If you have some extra hardware floating around with reasonable disk space you can use it as a cheap iSCSI device to store non-critical VM backups using VDR. The process is pretty easy and works really well. I have several of these running in our lab, including some that are Openfiler running as a VM on ESX 5 and even then performance is pretty good. This article assumes that you already have Openfiler (http://www.openfiler.com/community/download) installed on a piece of hardware and the networking configured. For sure I recommend running 2 nics, one for management and the second as a private iSCSI network. Once all that is done all you need to do is configure the storage and iSCSI on the Openfiler box as well as your ESX host. Let's see how we acomplish that:

1. Login to the Openfiler web interface and click on the Volumes tab and then on the right sidebar select Block Devices.

2. Select the section that says "Create a partition in /dev/sd(b)" The settings you use are: "Mode = Primary", "Partition Type = Physical Volume". Starting and Ending cylinders are set automatically to the largest setting and do not need modified unless you so choose. Then hit "Create"

3. Now click on the "Volume Groups" option on the right sidebar and you will see an option to "Create a new volume group". Check the box for the physical volume you just created and give it a name like "VDR".

4. Once that is complete click on the "Add Volume" option on the right sidebar and select your new "VDR" volume group. Under the section "Create a volume in 'VDR'" you can create a new volume. Name it something like "VDR" and give it all the available space. MAKE SURE that you change the "Filesystem / Volume Type" to iSCSI.

5. Your storage is ready, now we need to get iSCSI running. To do this you need to start the iSCSI Target Service and allow network access. To start the service click on the "Services" tab on the top toolbar and start the service. To get the iSCSI Network up and running go back to the "Volumes" tab and "iSCSI Targets". Now you will notice 4 grey tabs under your top toolbar. Using these tabs create a new IQN under the "Target Configuration" tab and give your private iSCSI LAN access via the "Network ACL" tab.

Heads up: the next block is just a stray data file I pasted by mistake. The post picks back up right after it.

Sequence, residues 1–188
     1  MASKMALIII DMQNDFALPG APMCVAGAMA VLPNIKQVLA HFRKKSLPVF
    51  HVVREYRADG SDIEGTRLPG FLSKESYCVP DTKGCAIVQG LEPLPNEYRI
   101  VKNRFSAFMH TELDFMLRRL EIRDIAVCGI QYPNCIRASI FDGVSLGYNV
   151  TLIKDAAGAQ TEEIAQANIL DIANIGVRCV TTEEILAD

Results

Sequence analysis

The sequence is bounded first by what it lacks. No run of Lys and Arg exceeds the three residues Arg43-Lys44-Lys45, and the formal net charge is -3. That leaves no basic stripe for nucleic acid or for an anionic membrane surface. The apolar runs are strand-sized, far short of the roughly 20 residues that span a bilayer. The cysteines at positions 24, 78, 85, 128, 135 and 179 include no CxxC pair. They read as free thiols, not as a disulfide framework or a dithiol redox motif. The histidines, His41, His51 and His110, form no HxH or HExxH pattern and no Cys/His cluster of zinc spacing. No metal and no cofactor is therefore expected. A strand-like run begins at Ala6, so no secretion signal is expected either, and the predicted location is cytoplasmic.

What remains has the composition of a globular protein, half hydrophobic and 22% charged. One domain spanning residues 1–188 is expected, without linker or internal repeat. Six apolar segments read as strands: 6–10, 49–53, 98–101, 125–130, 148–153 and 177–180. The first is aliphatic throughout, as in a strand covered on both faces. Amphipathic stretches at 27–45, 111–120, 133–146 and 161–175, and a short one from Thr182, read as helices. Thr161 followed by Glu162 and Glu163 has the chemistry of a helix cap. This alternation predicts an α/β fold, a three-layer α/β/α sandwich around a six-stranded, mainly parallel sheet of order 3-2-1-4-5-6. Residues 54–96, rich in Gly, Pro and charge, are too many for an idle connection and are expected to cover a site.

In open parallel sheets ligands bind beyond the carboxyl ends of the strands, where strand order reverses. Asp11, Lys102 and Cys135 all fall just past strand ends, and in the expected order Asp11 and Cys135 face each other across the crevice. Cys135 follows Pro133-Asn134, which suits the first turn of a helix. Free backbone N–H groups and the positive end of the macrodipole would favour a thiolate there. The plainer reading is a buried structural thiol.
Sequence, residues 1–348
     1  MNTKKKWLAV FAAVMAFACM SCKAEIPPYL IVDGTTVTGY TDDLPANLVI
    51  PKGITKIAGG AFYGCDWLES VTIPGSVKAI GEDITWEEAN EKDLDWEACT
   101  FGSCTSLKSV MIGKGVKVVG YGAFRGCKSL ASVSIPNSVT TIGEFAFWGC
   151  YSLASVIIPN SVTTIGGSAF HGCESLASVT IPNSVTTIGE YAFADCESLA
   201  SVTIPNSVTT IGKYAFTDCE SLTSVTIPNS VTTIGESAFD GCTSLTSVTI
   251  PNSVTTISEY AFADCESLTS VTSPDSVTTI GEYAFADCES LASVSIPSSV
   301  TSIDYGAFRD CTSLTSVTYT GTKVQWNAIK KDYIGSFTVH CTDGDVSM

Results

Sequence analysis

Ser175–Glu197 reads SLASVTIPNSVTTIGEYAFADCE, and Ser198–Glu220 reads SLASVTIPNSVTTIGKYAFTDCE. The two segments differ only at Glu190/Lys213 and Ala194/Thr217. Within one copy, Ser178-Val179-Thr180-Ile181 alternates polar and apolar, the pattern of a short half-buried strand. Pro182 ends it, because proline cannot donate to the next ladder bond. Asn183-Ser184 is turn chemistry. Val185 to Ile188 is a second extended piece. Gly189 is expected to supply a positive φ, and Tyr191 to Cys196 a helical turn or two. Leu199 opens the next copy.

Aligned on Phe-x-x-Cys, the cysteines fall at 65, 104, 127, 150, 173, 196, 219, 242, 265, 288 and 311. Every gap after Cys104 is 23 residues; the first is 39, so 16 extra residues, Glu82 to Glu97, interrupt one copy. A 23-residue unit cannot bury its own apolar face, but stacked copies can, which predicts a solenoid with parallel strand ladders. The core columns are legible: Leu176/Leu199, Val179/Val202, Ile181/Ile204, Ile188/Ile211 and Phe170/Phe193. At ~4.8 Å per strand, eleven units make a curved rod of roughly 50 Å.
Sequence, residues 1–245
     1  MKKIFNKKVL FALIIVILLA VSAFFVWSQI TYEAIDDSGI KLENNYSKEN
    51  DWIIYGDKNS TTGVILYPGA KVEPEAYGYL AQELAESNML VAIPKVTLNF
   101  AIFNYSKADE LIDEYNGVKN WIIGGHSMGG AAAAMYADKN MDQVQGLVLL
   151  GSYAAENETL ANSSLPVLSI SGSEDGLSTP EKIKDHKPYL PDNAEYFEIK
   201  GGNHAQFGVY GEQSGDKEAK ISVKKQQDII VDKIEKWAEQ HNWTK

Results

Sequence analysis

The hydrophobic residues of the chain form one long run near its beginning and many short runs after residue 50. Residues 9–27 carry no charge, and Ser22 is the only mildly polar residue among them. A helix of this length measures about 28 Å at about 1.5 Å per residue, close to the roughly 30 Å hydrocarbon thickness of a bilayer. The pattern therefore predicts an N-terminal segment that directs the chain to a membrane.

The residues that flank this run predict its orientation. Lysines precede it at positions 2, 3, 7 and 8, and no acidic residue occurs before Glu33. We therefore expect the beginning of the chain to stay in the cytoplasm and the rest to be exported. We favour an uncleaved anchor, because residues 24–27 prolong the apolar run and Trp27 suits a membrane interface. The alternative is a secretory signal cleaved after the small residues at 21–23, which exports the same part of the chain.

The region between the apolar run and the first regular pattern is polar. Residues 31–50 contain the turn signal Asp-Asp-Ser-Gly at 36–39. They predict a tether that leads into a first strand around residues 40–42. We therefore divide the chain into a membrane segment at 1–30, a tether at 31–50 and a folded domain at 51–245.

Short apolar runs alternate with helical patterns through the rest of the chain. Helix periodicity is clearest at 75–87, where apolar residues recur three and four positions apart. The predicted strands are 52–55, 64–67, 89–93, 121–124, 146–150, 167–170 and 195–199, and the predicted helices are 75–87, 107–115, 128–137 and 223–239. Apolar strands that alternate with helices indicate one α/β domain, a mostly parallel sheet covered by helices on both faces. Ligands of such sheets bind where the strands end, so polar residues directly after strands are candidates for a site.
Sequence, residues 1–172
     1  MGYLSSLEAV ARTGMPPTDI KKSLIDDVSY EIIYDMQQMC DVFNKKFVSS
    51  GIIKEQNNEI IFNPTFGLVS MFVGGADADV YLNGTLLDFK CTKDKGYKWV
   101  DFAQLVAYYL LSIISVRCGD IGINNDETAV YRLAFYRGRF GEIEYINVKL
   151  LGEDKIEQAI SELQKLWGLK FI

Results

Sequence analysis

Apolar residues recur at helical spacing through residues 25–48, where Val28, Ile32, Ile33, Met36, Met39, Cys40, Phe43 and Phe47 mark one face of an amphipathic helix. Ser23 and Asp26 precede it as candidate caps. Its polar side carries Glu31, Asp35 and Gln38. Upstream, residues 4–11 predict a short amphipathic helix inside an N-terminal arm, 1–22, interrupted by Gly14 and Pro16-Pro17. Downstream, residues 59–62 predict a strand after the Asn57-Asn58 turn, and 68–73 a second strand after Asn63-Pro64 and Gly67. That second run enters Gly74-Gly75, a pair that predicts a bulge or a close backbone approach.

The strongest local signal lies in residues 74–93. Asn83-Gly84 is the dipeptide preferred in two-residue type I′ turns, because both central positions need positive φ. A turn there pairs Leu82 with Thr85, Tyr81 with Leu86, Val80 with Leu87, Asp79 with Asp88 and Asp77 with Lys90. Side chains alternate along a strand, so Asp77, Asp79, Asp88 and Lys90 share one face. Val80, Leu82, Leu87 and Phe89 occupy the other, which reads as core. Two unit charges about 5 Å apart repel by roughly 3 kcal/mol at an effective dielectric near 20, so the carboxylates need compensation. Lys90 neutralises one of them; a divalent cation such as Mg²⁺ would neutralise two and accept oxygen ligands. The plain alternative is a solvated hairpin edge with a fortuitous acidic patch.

6. Now that iSCSI is running we need to map the IQN to the LUN that we created earlier. It is as easy as going to "LUN Mapping" and selecting the LUN and hitting "Map". Your job in the Openfiler webconsole is complete. Now off to the ESX host.

7. Open your vSphere Client and connect to your vCenter Server and your ESX host that is connected to the Openfiler box. I am assuming that you have already configured a NIC on the ESX host and it can ping the Openfiler private IP. If not you need to get that working before continuing.

8. In the vSphere client select the ESX host and go to the "Configuration" tab and select "Storage Adapters" from the left sidebar. Now select the "iSCSI Software Adapter" and click "Properties...". Click on the "Configure..." button and enable iSCSI. Once iSCSI is enabled click on the "Dynamic Discovery" tab and add the IP of your Openfiler box. Once that is done and you Ok out of the menu it will prompt you to do a rescan which you want to do. If it all went well then once the Rescan is complete you should see a new device. If not then make sure your 2 boxes are talking to each other.

9. Now that our iSCSI Adapter can talk to our shiny Openfiler box we need to actually use that space to store our VDR backups. To do this click on the "Storage" option and select "Add Storage" option. This should bring up a wizard explaining how to add the storage. Name the new Datastore something like "VDR Backups".

10. Right click on your VDR Appliance and go to "Edit Settings" and "Add.." a new hard drive making sure to select the new Datastore you just created. Don't give the drive all the space on the Datastore. Make sure to leave several GB free for ESX to use for file operations.

11. Congratulations, now all you need to do is add the Datastore to your VDR Appliance as a backup destination!